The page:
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Sweden

2012: National Dementia Strategies (diagnosis, treatment and research)

Background information about the National Dementia Strategy

Status and historical development of the National Dementia Strategy

The National Dementia Strategy of the Swedish National Board of Health and Welfare from 2010 is the first national guidelines for care in dementia within the field. The guidelines emphasise evidence-based and evaluated treatments and methods of care for people with dementia and for support for their next of kin. During the development of the guidelines the focus was on community care and primary healthcare. The guidelines concern both private and public care. A number of experts participated in this work. The scientific information and conclusions of the Swedish Council of Technology Assessment in Healthcare were important in this respect.

The purpose of the National Dementia Strategy for Sweden is that it should support decision makers in communities, county councils and regions in governing healthcare and social services through open and systematic priorities. One part of the guidelines is targeted mainly at decision makers and management boards within health and medical care, and intended to support leaders within all levels of the health and medical care and social care sectors. Other parts of the guidelines are directed mainly toward unit managers, nurses with medical responsibilities and other health and care personnel.

The National Board of Health and Welfare adjudges that the recommendations are central preconditions to enable these guidelines, in overall terms, to deliver the desired result. Recommendations may be resource-intensive and entail for example the need for investments in staff and competence.

Duration of the National Dementia Strategy

The National Board of Health and Welfare considers that Health and Medical Care and Social Services should follow up, at least once a year, medication treatment, cognition, functional capacity, general state of health, behavioural changes and support those inputs agreed upon.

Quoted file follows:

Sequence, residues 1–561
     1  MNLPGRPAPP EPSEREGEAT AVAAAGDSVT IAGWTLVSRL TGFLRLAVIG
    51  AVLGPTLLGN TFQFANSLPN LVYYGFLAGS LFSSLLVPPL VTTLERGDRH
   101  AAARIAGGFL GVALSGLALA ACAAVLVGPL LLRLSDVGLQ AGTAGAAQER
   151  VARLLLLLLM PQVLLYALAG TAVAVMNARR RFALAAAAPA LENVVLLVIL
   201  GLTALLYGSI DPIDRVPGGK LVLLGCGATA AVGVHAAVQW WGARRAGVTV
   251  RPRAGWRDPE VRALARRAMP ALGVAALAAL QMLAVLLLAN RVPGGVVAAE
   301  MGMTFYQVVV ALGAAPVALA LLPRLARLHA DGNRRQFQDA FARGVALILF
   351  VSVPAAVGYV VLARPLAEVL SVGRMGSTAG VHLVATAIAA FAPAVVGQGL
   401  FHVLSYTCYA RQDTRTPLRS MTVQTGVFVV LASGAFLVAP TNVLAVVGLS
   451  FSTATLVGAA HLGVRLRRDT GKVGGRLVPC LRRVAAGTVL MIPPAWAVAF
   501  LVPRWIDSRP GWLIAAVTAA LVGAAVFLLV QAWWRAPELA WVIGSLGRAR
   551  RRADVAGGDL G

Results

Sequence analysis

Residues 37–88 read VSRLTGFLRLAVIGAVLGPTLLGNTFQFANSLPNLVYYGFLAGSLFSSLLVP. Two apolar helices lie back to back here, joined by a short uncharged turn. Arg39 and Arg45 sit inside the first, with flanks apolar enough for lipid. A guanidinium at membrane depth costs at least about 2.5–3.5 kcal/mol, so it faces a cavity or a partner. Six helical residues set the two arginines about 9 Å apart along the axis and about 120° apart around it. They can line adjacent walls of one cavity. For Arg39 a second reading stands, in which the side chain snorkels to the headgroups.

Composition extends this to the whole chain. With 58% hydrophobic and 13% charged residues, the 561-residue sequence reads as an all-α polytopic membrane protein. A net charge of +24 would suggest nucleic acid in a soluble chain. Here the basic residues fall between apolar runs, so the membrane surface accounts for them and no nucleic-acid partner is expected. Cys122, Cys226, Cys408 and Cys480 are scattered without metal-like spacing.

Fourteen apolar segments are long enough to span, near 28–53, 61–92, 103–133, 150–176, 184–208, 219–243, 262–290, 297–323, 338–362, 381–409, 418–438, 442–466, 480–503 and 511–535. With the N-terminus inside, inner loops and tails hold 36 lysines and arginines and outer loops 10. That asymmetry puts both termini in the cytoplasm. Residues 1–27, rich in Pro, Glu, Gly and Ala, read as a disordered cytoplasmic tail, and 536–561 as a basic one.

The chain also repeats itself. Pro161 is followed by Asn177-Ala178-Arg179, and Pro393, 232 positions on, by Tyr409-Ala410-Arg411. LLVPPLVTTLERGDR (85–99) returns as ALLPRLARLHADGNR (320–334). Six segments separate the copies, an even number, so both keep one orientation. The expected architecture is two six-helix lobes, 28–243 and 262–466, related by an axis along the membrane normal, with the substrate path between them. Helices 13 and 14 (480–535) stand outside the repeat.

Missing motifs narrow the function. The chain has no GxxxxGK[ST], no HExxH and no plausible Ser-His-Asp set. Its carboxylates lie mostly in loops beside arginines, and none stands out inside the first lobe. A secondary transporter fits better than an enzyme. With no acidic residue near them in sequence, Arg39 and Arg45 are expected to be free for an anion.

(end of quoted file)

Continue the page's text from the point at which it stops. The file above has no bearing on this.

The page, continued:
Indicators for nursing care in special dementia living units were introduced in 2012. The guidelines will be revised when the results of new research become available. This is a continuous process.

The National Board of Health and Welfare considers that the recommendation reduces the costs of health and medical care and social services in the longer term.

How the National Dementia Strategy is funded

The National Dementia Strategy is funded by the government. The National Board of Health and Welfare considers that the effect of the recommendations on basic and extended examinations will be that the number of examinations will increase by about 7,000 per year at a cost of around SEK 41–59 million (about one per mille of the total costs for dementia-type illnesses). An increase in the quality of dementia examinations is expected to contribute towards more adequate care and a reduced need for emergency measures (e.g. hospitalisations), and should not lead to an increase in total costs.

Provisions or procedure for implementing the Strategy

It is possible to apply to the Swedish National Board of Health and Welfare for financial support to implement the guidelines. This will lead to an initial increase in costs but in the long run the guidelines are expected to lead to savings.    

Information about the guidelines has been widely disseminated throughout Sweden by representatives of the Swedish National Board of Health and Welfare. The guidelines are to be integrated into practice. As part of this procedure, the Alzheimer Society of Sweden is involved in training dementia nurses.

Procedure for monitoring progress made in achieving the goals set

Every person diagnosed with dementia should be registered in the Swedish National Dementia Registry. The National Board of Health and Welfare has drawn up different indicators for the follow-up of medical care, long-term care and welfare of persons with dementia illnesses. Of these, it is possible to monitor six through existing records at the National Board of Health and Welfare.

A major problem within this area is the lack of data sources (e.g. those input by the Social Services on behalf of people with dementia and within primary care). Furthermore, the existing data sources are not used in a correct manner. This means that it has still not been possible to continuously monitor eight of the quality indicators, whether at the national, regional or local level. It is therefore urgent that Health and Medical Care and Social Services develop individual-based data that enable the follow-up and evaluation of quality in medical care and the longer term care of people with dementia.

Involvement of the Alzheimer association (and/or people with dementia)